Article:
Sahara: No Money, No Worry

Sahara tamasha continues


In early November 2014, The Mint reported that the Securities & Exchange Board of India (SEBI) had approached the Supreme Court seeking directions to be issued to the Sahara group to sell assets worth Rs47,000 crore. It may be recalled that the apex court, in a landmark judgement in August 2012, had ruled that two Sahara group realty companies that had raised funds from retail investors without SEBI approval, through a debenture-like product, must return the money to investors. The amount was then estimated at Rs25,000 crore (with interest).  

Sahara’s many manoeuvres to avoid complying with the court order landed Subrata Roy in Tihar jail, which has been his home since March 2014. For a while, in August, he persuaded the court to permit him the use of an air-conditioned conference facility to negotiate the sale of his overseas properties. But that drama ended in early October without a sale and Mr Roy is reportedly back in jail.

Meanwhile, it remains a mystery why a business group that appears to have limitless resources and opaque finances has been content to allow its founder-chief to languish in jail, for the past nine months. Or that Subarata Roy’s wife and son Susanto go on to become citizens of the Republic of Macedonia, a Balkan country, and acquire large tracts of land to start a dairy business (reported by in July 2014) in that country.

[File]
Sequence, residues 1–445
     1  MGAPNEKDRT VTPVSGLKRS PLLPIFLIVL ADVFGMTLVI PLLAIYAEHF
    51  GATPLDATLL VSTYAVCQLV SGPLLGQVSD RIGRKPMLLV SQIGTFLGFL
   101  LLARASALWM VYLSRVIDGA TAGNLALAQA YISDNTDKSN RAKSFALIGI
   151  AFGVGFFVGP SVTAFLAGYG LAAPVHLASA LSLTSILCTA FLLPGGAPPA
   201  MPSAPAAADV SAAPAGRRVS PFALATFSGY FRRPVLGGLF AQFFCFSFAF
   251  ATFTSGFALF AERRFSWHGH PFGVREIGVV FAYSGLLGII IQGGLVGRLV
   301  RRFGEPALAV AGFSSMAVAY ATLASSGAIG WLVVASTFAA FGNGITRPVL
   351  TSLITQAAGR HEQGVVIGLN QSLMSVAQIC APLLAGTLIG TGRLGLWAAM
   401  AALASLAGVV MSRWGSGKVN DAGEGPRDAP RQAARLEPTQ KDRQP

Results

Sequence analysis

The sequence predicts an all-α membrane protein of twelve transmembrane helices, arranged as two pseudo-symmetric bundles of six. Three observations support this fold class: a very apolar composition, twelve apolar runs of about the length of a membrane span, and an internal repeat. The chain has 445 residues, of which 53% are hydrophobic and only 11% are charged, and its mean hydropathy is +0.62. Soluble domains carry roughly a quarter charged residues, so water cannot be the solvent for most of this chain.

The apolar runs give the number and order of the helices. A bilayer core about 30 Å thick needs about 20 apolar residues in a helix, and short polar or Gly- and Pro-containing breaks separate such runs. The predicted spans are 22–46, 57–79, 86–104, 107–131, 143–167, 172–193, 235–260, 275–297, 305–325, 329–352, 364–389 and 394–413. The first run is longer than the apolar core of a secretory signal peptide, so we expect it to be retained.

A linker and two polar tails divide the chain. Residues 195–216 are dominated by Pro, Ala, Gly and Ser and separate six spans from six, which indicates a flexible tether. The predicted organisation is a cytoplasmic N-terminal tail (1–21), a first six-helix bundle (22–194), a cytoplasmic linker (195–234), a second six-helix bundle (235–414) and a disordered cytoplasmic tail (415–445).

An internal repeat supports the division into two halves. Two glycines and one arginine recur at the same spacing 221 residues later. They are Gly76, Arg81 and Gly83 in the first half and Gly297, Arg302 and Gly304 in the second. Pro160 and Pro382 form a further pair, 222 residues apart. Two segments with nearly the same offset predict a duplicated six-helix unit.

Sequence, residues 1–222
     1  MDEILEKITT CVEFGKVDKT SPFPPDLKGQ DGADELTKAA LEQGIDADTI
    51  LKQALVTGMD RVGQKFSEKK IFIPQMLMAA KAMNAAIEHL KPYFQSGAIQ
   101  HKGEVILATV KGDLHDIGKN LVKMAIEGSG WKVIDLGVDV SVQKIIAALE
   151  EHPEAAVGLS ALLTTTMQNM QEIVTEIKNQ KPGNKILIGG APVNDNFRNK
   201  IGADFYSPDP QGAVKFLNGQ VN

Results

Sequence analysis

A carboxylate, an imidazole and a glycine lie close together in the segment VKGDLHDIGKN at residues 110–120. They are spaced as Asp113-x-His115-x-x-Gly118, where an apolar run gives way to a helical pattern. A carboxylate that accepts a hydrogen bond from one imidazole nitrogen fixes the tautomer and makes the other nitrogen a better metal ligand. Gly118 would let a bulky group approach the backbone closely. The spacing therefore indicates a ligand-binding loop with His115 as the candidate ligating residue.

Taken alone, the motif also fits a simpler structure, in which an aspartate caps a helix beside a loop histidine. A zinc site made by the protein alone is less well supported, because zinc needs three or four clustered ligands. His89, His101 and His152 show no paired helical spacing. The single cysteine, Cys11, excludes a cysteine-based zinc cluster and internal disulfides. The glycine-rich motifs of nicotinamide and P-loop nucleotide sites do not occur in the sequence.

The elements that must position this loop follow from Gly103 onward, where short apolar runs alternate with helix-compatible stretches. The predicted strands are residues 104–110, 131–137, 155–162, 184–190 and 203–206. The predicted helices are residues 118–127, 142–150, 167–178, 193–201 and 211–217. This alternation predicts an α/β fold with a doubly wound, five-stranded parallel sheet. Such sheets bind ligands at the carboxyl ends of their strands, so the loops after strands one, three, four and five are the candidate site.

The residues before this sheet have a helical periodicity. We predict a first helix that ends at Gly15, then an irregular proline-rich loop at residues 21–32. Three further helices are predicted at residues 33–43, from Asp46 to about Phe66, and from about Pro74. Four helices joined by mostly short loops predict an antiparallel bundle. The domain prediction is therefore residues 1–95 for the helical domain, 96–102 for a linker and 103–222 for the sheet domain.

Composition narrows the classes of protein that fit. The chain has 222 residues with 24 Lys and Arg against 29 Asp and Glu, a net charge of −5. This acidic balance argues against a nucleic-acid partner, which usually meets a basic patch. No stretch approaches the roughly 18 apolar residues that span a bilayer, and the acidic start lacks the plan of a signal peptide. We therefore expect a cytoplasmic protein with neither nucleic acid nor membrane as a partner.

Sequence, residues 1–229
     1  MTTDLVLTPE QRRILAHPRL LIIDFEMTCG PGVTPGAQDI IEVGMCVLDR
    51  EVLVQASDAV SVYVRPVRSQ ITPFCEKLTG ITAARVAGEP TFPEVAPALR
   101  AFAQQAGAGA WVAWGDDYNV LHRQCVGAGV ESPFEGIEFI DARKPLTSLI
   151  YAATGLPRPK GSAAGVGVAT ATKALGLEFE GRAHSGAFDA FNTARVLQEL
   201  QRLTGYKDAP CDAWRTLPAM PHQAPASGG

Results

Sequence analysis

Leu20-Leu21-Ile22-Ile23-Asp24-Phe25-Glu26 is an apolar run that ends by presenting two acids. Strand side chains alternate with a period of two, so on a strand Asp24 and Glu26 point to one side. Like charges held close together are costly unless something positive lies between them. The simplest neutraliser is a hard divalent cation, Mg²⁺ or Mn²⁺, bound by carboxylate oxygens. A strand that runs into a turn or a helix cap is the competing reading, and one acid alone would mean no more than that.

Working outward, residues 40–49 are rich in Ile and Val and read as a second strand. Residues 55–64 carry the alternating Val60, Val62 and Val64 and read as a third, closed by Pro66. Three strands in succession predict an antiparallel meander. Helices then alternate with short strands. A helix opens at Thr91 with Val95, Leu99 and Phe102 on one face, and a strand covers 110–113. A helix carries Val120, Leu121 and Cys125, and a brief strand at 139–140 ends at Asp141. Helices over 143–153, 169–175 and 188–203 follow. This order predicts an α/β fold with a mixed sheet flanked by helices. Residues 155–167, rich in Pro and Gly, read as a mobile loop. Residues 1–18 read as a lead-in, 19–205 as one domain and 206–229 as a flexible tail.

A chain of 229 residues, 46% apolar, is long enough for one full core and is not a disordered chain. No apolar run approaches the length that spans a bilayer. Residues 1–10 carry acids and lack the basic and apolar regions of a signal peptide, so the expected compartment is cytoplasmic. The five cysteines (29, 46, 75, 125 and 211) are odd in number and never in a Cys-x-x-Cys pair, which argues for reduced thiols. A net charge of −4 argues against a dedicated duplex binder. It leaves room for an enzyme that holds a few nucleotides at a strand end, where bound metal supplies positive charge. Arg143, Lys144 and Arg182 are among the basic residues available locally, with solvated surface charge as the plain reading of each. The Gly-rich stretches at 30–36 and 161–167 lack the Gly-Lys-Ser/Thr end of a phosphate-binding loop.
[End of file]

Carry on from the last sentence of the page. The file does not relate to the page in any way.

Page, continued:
At the same time, its spending on non-revenue generating activities continues unabated. Interestingly, the film and sports fraternity, which the Sahara group cultivated assiduously, seems determined to carry on as if it is business as usual. The Sahara group’s travails may have ended its sponsorship of the Indian cricket team, but it hasn’t stopped India’s cricket captain, Mahendra Singh Dhoni, partnering with the beleaguered group to snap up the Ranchi franchise of Hockey India. Some say, it shows the cricketer’s ability to put business above reputation concerns.

Similarly, there is no impact on Sahara Force India Formula One franchise, despite the fact that both promoters—Subrata Roy and Vijay Mallya—are in deep financial trouble. In May this year, well after Mr Roy went to jail, the franchise announced an alliance with the vodka brand Smirnoff.

The only apparent change in the working of the Sahara group is that the Roy family no longer hankers after publicity and is quietly stepping down from group companies leaving them in the hands of employee managers.

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